If the worst happens and the world economy—perhaps after a period of virulent inflation—does plunge into renewed recession leading to Great Depression II—defined as a situation as bad or worse than the disaster of the 1930s—this will not be because of the struggles of the Greek workers but in spite of them.

The danger

But there is a danger that if the crisis resumes and worsens, the capitalists will say, look it was the greed of the Greek workers that derailed what was a “promising recovery” and led us back into a full-scale economic crisis. The bosses and their right-wing supporters, including the fascists—the would-be Mussolini’s and Hitler’s of today—will claim that the only way of preventing a recurrence of severe economic crises is to crush the unions and the workers’ parties once and for all.

But this is false. As I showed in my main posts, the causes of capitalist crises is the capitalist system itself—the contradiction between globally socialized production and private appropriation of the product. It is the capitalist class—not individual capitalists—that is the real cause of the crises, because it insists on maintaining private ownership of the means of production, which enables the capitalists to live in luxury without working.

We cannot end capitalist crises by reducing the rate of surplus value, as well-meaning “underconsumptionists” claim, nor can we prevent them by increasing the rate of surplus value, like the reactionaries—and certain types of super “revolutionary” Marxists as well—claim. The problem is not a given rate of surplus value but the whole system of capital, wage labor, and surplus value itself!

The workers’ movement shares responsibility for the continuation of capitalist crises in only one sense. Because the workers’ movement failed to overthrow capitalist exploitation on a world scale during the 20th century despite two world wars, the horrors of fascism and the Depression, along with the “ordinary” crises and numerous other wars, capitalist crises are continuing into the 21st century.

Even greater disasters loom in the 21st century if the workers listen to the siren calls of capitalist propaganda and allow the small capitalist minority to continue to live in luxury without having to work at the expense of billions of people worldwide. (12)

In ancient times, Greek philosophers laid the foundations of modern science, including the science of socialism—Marxism. Today, the modern Greeks are teaching us another lesson. They are teaching us how to struggle again!

Victory to the Greek workers and the Greek people, and onward to the victory of the worldwide socialist revolution!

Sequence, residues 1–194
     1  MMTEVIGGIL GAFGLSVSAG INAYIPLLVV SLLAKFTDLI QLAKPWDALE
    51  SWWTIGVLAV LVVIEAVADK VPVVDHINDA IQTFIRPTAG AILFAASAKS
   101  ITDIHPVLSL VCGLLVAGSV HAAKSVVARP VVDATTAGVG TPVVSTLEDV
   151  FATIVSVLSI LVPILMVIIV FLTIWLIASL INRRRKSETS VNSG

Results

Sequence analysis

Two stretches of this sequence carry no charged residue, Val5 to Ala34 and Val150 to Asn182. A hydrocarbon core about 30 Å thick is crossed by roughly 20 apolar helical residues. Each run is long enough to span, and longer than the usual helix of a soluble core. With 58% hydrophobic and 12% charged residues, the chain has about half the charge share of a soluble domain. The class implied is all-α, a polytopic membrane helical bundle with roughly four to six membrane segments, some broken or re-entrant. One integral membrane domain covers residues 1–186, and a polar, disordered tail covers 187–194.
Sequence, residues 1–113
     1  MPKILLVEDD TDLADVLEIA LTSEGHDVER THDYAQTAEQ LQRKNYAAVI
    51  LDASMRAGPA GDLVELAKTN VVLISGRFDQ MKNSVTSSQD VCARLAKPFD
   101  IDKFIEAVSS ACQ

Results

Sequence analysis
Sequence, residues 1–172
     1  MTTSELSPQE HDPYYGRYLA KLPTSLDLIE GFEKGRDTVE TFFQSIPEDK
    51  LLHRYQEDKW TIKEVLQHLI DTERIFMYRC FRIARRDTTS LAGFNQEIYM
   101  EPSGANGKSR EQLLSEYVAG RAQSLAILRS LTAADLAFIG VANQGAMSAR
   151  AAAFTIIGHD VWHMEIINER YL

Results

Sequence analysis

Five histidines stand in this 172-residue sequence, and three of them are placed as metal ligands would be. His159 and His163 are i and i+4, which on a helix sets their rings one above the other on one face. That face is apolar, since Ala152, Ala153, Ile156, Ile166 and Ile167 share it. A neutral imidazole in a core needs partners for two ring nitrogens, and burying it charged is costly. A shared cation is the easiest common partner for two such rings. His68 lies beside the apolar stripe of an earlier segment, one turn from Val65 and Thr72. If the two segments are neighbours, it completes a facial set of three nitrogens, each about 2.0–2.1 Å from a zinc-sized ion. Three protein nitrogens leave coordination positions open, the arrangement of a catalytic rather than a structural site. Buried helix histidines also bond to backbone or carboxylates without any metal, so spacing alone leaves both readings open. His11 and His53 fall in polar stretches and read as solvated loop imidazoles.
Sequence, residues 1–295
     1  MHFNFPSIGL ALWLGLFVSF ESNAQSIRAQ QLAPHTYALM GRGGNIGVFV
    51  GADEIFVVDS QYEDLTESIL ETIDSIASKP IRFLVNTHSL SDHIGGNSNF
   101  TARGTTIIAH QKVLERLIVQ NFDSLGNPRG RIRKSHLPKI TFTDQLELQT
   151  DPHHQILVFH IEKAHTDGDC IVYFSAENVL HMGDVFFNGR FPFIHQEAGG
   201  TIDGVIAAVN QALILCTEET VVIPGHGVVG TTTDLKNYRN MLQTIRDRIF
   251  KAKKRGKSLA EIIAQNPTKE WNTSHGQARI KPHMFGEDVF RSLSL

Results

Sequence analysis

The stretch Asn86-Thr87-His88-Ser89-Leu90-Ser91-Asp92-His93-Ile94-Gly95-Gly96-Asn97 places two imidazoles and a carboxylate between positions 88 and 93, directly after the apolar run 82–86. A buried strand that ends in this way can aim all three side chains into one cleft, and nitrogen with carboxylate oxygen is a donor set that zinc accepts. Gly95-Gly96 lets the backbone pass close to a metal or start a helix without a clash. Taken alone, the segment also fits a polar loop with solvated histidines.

1 The reasons for the current weakness of the European Union and the euro relative to the dollar are political. Unlike the United States, the European Union and eurozone have no true central government that commands powerful armed forces. In addition, the United States maintains many bases and troops in Europe. Interestingly enough, the European nations don’t maintain any bases and troops in the United States. Europe remains divided into many governments whose armed forces are largely under the command of NATO—that is, effectively under U.S. command. As a result, considering its economic power, Europe has remarkably little independent military and political power. The European Union and its eurozone essentially function as a satellite of the United States.

This situation dates back to the victory of the United States against the other imperialist powers—its “allies” as well as its axis enemies—in World War II. As a result, primary commodity prices including oil are quoted in dollars, not euros. The currency price of gold, the money commodity, is also quoted in dollars. Gold, for all the reasons that Marx gave in “Capital” and other works, remains at the center of the world monetary system. It is the commodity in whose use value the exchange value of all other commodities are measured.

However, gold is represented in circulation by the U.S. dollar, which functions as the de facto world currency. If you want to know the price in terms of gold of a particular commodity at a particular time that is not quoted in dollars, you first have to calculate the price in dollar terms. You then have to check the dollar price of gold and convert the dollar price into a given weight of gold.

If you know the price of a commodity in terms of euros, for example, and want to convert the euro price into the real price—the gold price—you first have to check the exchange rate of the euro against the dollar, convert the price of the commodity in euros into dollars, and from there check the dollar price of gold and proceed to convert the price from dollars into a weight of gold.